Last Saturday I finally had a chance to visit the Imperial War Museum at Duxford (near Cambridge in the United Kingdom). The occasion was pretty juicy, as the regular September Airshow was scheduled for that weekend. I think it's almost since I have moved to the UK that I wanted to attend this particular event, as I am quite interested in aviation and warbirds from my very childhood. For once the British weather was also forgiving, with clear skies and high temperatures around 28 C, the ideal set to watch an Airshow.
The museum itself is pretty easy to reach from Cambridge's railway station. It's about 15 minutes with a free courtesy bus which runs every 30 minutes.
Apart from the Airshow itself, the IWM Duxford museum offers a pretty impressive display, including the only SR-71 Blackbird that you can see in Europe. A pretty amazing sight. I have to say that we couldn't see much of the permanent display, mainly because most of the attention was rightfully diverted on the flight line displayed in the amazing weather!
The display started at around 14:00 with a low altitude flyby of four F15C "Strike Eagles" from a nearby airbase. That in itself was a quite grand opening for someone like me, whom has never been to such an event before! One thing is to admire those flying machines in a picture, but to hear the loud shriek, smell the combustion gases and feel your body tremble from the vibrations it's all another story.
Following this, it was time for two Panavia Tornado GR2 to showcase a mock-up simulation of a close air support mission. Again, it was amazing to see the two jets working in pair with such precision, and frankly quite terrifying to hear the loud roar of their afterburners: you have to imagine being on the wrong side of their targeting devices, and understand how scary it would be to have those two things on a hunting spree for your head!
One of the highlights of the day was the appearance of the only Avro "Vulcan" still flying today. The "Vulcan" is a Cold War nuclear bomber with a distinctive wing shape, a very beautiful design if you ask me. Fortunately for us this type of plane never saw operative action, if we exclude a conventional bombing campaign over the Falklands in 1982. These days it spends most of its time flying from one airshow to another to dazzle the viewers with his majestic shape.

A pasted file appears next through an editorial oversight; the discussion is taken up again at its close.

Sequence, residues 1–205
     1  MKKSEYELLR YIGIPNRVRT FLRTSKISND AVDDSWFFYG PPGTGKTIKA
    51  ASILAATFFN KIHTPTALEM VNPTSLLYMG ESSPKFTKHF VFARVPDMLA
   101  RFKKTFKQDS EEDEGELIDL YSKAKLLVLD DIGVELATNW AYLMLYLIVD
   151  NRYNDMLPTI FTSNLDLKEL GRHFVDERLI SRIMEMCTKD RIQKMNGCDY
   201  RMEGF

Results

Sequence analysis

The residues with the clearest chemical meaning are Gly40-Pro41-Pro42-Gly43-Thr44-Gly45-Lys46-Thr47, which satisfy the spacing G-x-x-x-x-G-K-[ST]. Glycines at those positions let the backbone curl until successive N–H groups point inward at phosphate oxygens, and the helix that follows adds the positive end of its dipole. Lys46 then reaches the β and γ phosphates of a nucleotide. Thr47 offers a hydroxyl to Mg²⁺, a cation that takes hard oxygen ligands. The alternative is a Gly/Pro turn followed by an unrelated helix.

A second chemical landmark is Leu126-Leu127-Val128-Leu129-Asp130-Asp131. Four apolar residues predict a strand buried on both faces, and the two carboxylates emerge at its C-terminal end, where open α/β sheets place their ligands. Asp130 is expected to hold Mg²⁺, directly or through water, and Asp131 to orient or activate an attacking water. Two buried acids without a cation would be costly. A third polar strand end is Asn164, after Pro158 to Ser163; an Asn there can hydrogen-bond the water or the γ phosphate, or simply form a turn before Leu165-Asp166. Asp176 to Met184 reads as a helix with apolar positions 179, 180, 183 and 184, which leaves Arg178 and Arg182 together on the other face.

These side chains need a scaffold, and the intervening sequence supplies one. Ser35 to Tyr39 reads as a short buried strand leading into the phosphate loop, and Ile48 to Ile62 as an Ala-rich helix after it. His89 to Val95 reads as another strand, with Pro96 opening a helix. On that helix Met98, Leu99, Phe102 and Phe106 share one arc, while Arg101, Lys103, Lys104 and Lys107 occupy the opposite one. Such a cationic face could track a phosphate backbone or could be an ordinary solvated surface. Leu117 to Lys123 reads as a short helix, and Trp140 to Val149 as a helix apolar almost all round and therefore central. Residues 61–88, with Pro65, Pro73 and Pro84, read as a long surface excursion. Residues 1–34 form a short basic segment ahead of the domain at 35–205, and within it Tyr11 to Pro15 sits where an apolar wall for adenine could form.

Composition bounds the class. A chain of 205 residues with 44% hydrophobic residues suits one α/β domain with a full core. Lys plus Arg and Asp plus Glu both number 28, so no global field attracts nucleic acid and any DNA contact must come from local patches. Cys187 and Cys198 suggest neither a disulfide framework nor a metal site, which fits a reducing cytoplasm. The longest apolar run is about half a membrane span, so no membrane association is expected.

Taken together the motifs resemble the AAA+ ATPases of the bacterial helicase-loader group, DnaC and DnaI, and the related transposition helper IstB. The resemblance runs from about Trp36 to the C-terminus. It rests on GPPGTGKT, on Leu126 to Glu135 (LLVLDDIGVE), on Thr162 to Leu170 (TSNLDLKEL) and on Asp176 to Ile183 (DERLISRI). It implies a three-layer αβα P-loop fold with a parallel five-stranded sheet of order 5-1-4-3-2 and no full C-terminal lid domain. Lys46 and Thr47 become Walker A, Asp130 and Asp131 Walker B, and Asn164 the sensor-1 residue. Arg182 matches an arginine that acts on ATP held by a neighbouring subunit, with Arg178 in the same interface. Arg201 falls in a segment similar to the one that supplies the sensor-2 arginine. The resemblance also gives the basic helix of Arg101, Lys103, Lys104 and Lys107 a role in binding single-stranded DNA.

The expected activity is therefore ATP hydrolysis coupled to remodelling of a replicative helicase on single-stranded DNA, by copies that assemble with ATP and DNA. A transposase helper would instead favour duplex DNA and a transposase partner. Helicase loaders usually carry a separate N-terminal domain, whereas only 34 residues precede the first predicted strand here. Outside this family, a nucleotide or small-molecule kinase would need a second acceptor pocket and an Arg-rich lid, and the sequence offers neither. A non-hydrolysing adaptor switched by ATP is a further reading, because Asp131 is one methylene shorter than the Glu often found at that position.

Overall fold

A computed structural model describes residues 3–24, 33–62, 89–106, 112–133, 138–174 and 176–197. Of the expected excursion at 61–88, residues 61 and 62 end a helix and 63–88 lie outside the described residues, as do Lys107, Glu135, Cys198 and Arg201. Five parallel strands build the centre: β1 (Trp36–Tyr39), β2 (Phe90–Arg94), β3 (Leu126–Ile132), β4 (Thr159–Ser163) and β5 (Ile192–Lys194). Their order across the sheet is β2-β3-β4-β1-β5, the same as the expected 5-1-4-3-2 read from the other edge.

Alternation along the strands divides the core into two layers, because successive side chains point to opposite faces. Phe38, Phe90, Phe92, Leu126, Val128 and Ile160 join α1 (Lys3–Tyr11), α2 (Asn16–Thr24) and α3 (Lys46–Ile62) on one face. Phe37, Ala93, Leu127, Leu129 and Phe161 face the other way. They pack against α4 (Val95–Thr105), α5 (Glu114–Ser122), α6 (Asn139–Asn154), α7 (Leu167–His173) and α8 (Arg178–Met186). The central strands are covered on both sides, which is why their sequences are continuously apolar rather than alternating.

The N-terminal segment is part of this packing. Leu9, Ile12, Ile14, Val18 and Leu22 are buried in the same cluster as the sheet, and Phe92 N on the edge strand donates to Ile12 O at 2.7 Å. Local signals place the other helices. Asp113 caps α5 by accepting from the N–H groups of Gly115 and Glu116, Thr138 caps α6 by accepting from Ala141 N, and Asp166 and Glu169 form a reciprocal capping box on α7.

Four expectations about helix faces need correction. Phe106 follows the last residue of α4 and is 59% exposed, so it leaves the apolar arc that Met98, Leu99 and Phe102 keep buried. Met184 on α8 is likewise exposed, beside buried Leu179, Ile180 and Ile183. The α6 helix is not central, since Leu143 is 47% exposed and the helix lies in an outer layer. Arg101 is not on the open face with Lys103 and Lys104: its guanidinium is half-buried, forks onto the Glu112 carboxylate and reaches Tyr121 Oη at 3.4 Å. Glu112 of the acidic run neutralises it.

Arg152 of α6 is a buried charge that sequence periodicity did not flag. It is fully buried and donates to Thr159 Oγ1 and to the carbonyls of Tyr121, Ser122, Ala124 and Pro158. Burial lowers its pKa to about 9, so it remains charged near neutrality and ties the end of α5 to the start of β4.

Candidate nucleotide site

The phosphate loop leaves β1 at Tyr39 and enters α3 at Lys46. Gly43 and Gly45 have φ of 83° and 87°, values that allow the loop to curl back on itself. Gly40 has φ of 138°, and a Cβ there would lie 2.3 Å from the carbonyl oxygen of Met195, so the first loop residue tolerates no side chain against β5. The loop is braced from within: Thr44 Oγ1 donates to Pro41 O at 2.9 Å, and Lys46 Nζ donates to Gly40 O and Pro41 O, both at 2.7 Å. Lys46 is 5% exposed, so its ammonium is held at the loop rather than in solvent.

A lot of classic warplanes was also on display, including true American icons such as the PBY "Catalina" or the P51D "Mustang": the latter is a truly magnificent machine with a sleek design. I couldn't help reminding my childhood when I watched "The Empire of the Sun", there is a scene where the little boy is bewildered by their appearance in the middle of a strafing run... And that was pretty much it, even without shrapnel flying around and bomb detonations all around the place.
I have to say that for me the absolute pinnacle of the show was in the aerobatics exhibitions! First a lone Bucker Jungmann biplane, dancing alone in the trailing smoke on the notes of classical music. Then two bright red Folland Gnat jetplanes running head on at high speed. But it was the Aerostars display which just got me drooling: imagine a bunch of monoplanes in close formations, drawing long smoke trails in the sky. And then all at once one would break formation and pull up high, stalling the plane and being brought back by the gravity, before regaining control and suddenly turning crazily in a convoluted corkscrew trajectory!
In the finale, the Spitfires and a Hurricane faced once more the BF-109 replicas (Hispano Bouchon) in a remembrance of the Battle of Britain.
So yeah, I think you can tell from my description that I really enjoyed watching this Airshow, and I advise anyone who is a truly aviation "aficionado" to attend at least once to one of those events. Unfortunately I cannot compare the Duxford one with others, as it's my first one, but I have a feeling that I have saw a good one indeed!
Want to see more pictures? Just head on my Duxford Airshow September 2012 photoset on Flickr!
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